Giorgio Chiellini passed to Antonio Cassano and with a little swivel he brushed off the attentions of both Mats Hummels and Jerome Boateng. A floating cross on his weaker left evaded Mario Badstuber and met the head of Mario Balotelli, who buried it home. Italy were a goal up and on their way to the final of Euro 2012, thanks to Cassano’s little moment of magic.
From an Italian perspective, the less said about the Final against Spain the better. Cassano only played 45 minutes of the game at Kiev’s Olympic stadium, taken off at half-time for Antonio Di Natale. He has not appeared for the Azzurri since.
And the question has to be asked as to why.
Cassano believes Cesare Prandelli does have a reason, though he is not sure what it is and in any case he is not letting it get him down. “Prandelli hasn’t called me up for a year and a half. If for that amount of time he called everyone except me then he must have a reason in his mind, even though I don’t know or understand what it is. Never mind, I won’t cry about it,” he recently revealed.
But exactly what is Prandelli’s reasoning? Last season for a very poor Inter side, Cassano was one of the few shining lights. He was the club’s leading provider of assists while only Diego Milito and Rodrigo Palacio scored more. He may have left the Nerazzurri in rather acrimonious circumstances, just like he did with Milan a year earlier, but at Parma the diminutive forward has continued to produce the goods on the field. With his four goals and three assists thus far this season, he has created or scored more goals than everyone in Serie A aside from Giuseppe Rossi, Francesco Totti and Alessio Cerci.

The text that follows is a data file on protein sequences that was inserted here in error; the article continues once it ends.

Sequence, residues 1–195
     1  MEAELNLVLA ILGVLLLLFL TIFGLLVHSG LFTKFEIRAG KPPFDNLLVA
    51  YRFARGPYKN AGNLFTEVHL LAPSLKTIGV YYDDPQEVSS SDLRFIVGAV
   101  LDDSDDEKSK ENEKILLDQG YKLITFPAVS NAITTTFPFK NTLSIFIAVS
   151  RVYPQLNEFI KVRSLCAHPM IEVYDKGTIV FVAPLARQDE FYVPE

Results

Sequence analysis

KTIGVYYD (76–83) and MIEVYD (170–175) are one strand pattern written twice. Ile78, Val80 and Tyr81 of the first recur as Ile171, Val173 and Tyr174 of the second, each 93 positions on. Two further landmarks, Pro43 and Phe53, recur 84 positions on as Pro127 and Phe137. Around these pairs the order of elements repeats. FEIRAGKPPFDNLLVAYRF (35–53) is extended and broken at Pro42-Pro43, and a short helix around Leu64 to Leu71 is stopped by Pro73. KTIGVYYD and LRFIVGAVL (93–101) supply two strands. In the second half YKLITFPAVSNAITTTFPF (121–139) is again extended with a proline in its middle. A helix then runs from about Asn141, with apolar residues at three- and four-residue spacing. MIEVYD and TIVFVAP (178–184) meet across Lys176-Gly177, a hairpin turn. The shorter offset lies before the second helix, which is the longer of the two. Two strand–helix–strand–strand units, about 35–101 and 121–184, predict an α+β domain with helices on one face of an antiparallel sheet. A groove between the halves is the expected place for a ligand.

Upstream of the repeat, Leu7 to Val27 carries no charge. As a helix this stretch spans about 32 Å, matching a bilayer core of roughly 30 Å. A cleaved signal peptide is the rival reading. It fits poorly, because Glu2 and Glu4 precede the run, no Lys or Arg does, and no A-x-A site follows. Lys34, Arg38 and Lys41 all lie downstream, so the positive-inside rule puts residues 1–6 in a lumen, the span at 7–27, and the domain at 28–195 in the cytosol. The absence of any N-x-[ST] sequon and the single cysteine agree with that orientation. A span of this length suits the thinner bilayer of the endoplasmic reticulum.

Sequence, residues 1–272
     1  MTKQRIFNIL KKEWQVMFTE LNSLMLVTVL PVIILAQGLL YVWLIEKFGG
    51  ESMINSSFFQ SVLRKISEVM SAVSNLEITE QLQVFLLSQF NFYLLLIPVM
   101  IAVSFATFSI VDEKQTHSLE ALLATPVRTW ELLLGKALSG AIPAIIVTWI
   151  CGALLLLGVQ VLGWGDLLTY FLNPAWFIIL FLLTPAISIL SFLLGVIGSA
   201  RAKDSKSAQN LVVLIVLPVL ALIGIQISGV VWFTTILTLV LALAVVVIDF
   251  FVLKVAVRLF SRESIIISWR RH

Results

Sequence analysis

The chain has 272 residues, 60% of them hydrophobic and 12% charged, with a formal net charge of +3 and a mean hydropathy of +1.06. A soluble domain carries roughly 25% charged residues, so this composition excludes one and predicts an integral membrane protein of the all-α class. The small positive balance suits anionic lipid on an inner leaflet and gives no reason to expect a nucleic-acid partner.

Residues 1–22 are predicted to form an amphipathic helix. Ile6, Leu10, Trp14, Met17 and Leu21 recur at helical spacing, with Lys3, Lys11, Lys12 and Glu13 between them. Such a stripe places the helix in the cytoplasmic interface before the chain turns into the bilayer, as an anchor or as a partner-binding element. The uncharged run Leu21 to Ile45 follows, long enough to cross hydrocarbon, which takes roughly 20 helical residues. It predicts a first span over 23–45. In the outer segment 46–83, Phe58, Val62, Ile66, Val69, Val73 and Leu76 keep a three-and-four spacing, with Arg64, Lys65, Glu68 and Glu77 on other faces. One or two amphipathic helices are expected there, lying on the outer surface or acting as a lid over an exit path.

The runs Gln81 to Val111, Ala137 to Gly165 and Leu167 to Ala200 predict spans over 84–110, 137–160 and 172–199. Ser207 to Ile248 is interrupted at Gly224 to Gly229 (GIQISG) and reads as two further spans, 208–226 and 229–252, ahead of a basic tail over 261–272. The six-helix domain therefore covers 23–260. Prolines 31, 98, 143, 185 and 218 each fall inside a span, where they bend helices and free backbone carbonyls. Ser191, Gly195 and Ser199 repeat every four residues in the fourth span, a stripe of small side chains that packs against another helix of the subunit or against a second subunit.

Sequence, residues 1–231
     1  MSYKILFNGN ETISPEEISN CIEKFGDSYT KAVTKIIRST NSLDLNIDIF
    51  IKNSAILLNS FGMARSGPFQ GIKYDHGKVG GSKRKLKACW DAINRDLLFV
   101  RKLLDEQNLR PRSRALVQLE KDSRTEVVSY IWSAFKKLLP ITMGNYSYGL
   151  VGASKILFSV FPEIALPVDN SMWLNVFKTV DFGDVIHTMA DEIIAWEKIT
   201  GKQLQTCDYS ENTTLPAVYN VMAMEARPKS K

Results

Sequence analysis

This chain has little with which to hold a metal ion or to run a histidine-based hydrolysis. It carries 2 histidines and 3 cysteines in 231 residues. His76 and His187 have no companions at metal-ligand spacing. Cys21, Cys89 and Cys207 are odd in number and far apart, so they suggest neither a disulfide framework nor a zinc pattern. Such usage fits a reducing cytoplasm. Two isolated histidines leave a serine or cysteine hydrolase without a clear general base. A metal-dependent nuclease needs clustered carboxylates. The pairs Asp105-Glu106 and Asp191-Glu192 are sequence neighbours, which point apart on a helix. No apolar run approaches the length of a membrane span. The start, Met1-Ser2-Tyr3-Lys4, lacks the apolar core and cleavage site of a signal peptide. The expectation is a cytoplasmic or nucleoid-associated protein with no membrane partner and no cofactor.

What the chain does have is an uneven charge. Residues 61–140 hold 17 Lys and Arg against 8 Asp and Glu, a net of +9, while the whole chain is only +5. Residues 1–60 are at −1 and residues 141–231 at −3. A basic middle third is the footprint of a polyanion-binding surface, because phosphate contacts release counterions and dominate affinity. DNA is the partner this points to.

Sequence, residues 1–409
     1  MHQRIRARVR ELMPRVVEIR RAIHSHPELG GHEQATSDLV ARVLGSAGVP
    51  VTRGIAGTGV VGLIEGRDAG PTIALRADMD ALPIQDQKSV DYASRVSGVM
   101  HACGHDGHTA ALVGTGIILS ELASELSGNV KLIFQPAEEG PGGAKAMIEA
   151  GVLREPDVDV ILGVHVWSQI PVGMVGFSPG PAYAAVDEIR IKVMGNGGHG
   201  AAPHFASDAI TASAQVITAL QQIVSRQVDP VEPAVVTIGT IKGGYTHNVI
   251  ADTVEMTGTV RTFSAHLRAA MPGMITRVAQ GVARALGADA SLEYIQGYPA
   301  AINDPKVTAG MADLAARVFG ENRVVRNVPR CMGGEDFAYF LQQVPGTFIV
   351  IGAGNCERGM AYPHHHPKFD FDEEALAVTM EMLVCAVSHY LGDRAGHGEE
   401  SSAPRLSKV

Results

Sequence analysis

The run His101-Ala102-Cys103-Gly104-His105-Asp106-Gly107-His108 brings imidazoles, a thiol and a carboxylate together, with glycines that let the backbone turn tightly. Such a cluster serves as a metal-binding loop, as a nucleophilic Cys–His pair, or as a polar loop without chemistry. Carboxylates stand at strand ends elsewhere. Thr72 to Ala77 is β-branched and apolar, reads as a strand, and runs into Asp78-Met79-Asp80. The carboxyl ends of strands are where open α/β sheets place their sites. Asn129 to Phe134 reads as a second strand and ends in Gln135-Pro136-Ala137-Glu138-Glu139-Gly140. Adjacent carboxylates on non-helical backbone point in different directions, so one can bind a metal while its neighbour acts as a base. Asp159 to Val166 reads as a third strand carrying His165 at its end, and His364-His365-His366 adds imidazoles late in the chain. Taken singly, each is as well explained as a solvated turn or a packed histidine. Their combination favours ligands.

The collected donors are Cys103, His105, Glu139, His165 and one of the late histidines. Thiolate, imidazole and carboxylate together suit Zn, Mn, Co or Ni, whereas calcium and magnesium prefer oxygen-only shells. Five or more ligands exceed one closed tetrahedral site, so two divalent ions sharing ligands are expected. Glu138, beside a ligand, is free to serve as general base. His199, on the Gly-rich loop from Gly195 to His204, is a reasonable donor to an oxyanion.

What is more, unlike he used to do in his earlier days, Cassano is committed to his football. The circus sideshow that once earned him the name FantAntonio has gone. He is more mature and professional now. Parma Coach Roberto Donadoni has certainly noticed it. “Cassano is working well since pre-season, has lost at least 7-7.5kg and is once again wanting to prove to all the champion he is.” Parma President Tommaso Ghirardi has given him similar praise. “People told me I was mad when I signed Cassano, but he has been professional both on the field and off it.”
An Azzurri regular under Prandelli until Euro 2012, it is curious as to why he has just simply been discarded. It is not like any new talents have emerged to take his place, definitely not one of Cassano’s ilk. And given his rare talent, it makes it all the more harder to understand.
As a young player, Cassano was very much heralded as Italy’s new fantasista: the type of player whose creative genius could decide matches with either a wonderful goal or by creating one for his teammates, like he did against Germany a year and a half ago.
Though he has not achieved half of what he could have were it not for his lack of discipline, Cassano remains a player Italy could really do with come Brazil. One who in an instant can change the course of a match. And when it comes to big tournaments, as the likes of Roberto Baggio, Andrea Pirlo and Cassano himself have shown down the years, this is sometimes all it takes.
Read more from Frank Tigani at The Divine Ponytail
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